[Date Prev] [Date Next] [Thread Prev] [Thread Next] Indexes: Main | Date | Thread | Author

[ba-ohs-talk] FW: AOL to switch to Mozilla


Great article on changes at AOL, including a switch from IE to their own
Mozilla-based browser (excerpted below):    (01)

http://www.theregus.com/content/23/24275.html    (02)

Talk about a tectonic shift...
-- 
Kevin Keck
keck@kecklabs.com    (03)



AOL embraces Linux and Mozilla, plans to drop MS Explorer
By Robin Miller, NewsForge.com    (04)

[...]    (05)

Good-bye Explorer, hello Mozilla    (06)

The Gecko rendering engine at the heart of the Mozilla Web browser is
scheduled to replace Microsoft's Internet Explorer as AOL's default browser
-- the one in the millions of free AOL CDs distributed every year -- in the
8.0 version of AOL's client software. (The current version is 7.0.) The
Gecko rendering engine is already being shipped as a "beta" test product in
some CompuServe client software packages, and reports from CompuServe users
who have chosen to use Gecko instead of Explorer have been described as
"very positive." This customer feedback is an important part of AOL's
browser decision process. "We hear the question, 'What is the member
impact?' whenever we are faced with a technical decision," says one of our
contacts. And so far, it sounds like member impact of an AOL switch from
Explorer to Gecko will be almost entirely positive.    (07)

"With Gecko, we have control over the client software and don't have to
worry about Microsoft screwing up our streaming [audio and video]," says one
AOL sysadmin. There is also concern at AOL about Explorer's "poor use" of
the HTTP 1.1 Protocol. Our AOL sysadmin says, "HTTP 1.1 has lots more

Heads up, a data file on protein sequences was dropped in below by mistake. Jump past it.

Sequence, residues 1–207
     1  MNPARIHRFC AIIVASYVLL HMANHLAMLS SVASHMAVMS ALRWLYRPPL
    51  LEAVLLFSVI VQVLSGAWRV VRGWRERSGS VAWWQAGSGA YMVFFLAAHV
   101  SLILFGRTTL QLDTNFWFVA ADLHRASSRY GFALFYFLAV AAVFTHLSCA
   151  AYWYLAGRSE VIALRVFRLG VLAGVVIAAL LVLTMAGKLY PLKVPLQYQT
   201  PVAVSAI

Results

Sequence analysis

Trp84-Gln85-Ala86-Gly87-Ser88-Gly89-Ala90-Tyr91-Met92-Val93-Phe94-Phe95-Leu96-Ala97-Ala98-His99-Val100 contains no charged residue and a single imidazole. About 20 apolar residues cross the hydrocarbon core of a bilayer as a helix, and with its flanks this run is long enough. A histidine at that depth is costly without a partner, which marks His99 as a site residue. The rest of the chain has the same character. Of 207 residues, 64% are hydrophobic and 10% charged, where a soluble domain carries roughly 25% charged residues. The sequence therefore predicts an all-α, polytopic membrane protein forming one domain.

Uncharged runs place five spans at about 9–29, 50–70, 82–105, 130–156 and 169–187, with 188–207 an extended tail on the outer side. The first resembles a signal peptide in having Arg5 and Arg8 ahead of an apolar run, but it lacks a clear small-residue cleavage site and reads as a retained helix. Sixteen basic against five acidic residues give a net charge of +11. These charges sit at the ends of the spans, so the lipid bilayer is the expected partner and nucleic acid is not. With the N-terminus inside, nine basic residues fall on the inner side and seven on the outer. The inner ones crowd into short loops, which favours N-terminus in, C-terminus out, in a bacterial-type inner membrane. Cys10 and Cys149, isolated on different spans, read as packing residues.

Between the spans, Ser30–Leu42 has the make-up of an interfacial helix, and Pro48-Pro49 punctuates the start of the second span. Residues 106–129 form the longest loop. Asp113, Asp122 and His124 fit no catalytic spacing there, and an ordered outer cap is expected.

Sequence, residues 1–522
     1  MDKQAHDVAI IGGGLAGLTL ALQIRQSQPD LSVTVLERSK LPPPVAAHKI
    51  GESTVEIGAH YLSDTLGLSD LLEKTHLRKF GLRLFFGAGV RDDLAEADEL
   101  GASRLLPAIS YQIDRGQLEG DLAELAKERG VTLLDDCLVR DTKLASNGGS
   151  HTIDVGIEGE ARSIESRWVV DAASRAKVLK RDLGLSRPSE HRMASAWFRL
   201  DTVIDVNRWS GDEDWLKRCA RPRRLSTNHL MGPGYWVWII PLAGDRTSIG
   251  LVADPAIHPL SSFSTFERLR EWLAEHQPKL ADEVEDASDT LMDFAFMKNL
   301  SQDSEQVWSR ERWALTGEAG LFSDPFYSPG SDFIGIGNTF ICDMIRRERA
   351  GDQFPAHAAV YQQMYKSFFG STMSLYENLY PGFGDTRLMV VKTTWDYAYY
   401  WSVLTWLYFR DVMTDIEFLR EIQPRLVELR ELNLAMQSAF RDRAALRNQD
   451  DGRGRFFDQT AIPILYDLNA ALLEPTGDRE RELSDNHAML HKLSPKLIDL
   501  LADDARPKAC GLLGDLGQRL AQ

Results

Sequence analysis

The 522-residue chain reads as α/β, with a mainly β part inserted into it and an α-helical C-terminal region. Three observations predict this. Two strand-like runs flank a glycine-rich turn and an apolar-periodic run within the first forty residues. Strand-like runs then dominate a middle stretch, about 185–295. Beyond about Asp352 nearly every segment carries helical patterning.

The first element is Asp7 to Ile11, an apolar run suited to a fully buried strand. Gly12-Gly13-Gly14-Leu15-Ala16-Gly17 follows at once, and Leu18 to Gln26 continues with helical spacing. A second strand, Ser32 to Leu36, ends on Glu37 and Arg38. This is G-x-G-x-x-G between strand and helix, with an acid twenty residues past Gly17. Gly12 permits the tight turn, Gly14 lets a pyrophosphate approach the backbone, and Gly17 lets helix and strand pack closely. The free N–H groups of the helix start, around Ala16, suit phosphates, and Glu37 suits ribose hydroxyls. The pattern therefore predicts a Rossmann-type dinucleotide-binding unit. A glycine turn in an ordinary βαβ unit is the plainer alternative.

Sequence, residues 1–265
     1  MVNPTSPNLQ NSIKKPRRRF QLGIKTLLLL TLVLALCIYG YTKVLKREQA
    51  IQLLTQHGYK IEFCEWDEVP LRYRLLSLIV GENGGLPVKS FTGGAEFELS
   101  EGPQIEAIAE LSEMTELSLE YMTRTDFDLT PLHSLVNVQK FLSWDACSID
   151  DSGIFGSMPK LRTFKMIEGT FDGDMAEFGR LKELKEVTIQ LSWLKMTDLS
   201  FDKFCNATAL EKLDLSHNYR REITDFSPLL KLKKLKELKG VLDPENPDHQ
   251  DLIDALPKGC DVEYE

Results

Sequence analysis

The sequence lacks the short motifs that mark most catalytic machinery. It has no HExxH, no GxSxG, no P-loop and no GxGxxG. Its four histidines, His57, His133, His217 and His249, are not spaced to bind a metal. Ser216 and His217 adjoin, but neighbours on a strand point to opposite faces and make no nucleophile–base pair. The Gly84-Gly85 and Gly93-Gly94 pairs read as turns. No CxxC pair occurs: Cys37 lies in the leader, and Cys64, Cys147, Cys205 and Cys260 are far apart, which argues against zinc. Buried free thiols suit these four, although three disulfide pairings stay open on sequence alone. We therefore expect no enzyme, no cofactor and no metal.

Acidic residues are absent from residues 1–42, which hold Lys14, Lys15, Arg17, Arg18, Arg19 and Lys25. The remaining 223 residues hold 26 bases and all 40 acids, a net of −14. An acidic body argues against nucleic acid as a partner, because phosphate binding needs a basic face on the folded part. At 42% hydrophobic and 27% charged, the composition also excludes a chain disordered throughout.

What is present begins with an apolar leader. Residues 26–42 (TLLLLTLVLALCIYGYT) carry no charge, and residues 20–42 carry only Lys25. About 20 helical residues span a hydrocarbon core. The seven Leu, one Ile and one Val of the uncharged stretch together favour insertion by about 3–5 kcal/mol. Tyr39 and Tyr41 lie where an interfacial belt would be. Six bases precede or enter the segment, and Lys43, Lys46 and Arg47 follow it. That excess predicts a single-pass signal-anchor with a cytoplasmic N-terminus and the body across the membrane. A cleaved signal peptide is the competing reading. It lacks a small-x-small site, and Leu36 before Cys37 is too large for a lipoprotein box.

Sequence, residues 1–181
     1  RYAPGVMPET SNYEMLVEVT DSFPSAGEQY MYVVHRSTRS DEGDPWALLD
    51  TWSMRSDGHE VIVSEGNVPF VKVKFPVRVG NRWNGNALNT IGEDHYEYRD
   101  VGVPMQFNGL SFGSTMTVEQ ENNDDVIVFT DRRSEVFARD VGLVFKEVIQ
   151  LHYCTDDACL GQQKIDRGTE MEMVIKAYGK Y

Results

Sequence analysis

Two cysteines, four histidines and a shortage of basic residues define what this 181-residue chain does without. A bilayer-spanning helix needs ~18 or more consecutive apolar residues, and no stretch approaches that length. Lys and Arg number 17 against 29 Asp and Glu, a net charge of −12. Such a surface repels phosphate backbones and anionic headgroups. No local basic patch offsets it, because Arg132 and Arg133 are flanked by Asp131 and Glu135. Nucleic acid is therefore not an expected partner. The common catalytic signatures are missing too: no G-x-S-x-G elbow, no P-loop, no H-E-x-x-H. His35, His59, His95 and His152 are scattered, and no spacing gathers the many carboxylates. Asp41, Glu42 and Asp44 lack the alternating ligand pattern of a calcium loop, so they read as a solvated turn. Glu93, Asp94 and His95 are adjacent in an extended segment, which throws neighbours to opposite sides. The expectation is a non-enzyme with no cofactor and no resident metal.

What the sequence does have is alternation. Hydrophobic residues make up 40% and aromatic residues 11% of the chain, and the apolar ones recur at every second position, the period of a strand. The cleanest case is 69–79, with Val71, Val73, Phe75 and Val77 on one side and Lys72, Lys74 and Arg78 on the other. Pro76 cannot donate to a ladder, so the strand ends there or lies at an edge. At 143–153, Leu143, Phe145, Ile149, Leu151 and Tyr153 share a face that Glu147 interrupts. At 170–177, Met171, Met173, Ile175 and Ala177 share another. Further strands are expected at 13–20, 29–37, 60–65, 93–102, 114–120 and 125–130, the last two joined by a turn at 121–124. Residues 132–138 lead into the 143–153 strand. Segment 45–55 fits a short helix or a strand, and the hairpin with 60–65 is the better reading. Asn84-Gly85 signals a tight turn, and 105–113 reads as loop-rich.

features than most people use," but AOL can make good use of many
lesser-known ones like chunking, that are not supported by Explorer because,
says our AOL sysadmin friend, "MSIE doesn't follow the spec correctly."    (08)

Even if future versions of Explorer manage to incorporate chunking and other
features AOL wants members to use -- because they minimize download time and
bandwith used per Web page delivered -- another AOL techie says, "It's still
easier to optimize eveything when we finally control both the server and the
client, and can make them work as smoothly together as possible."    (09)

All AOL tech people we spoke to denied that corporate dislike of Microsoft
played any part in their preference for either Linux or Mozilla's Gecko
rendering engine. They said their choices were made purely on what worked
best in tests they had run; that their concern was not corporate politics
but to make life easier and smoother -- and downloads faster -- for AOL
members.    (010)

The only thing that might delay -- not stop, just delay -- AOL's change from
Explorer to a Mozilla-based browser is allowing time for some of AOL's
largest and most important "partner sites" to do away with any
Explorer-specific features they have been using in place of W3C standards.    (011)

A browser shift by AOL is going to leave an awful lot of companies that
assume their Web sites only need to work with Explorer scrambling to rewrite
their code so that they don't lose AOL's 30 million-plus subscribers, or
about 30% of all U.S. Internet users.    (012)

[...]    (013)

 Newsforge.com. All rights reserved.    (014)